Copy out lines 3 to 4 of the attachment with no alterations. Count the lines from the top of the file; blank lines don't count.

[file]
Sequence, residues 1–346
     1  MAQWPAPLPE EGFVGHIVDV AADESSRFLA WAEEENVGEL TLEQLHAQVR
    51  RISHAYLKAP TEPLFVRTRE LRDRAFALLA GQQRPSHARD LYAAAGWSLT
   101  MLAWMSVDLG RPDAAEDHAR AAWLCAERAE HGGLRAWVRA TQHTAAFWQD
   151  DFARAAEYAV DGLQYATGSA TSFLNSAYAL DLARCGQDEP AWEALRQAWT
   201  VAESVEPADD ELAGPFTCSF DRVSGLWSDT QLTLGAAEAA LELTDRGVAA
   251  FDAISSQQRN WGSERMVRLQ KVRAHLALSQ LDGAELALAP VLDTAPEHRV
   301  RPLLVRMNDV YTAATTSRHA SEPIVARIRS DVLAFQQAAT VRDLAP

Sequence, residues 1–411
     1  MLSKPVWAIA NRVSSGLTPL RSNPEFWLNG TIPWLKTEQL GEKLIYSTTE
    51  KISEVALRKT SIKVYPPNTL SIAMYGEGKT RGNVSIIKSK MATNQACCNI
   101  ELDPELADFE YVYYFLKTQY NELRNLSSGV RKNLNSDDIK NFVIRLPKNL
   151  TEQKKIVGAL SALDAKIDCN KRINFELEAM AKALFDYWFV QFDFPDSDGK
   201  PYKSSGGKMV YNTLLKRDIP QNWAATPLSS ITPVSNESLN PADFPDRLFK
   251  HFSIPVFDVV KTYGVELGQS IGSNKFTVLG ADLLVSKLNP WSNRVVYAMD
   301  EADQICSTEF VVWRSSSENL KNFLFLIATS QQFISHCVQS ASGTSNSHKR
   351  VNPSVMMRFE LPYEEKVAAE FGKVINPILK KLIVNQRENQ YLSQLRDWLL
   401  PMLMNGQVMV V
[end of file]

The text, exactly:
    51  RISHAYLKAP TEPLFVRTRE LRDRAFALLA GQQRPSHARD LYAAAGWSLT
   101  MLAWMSVDLG RPDAAEDHAR AAWLCAERAE HGGLRAWVRA TQHTAAFWQD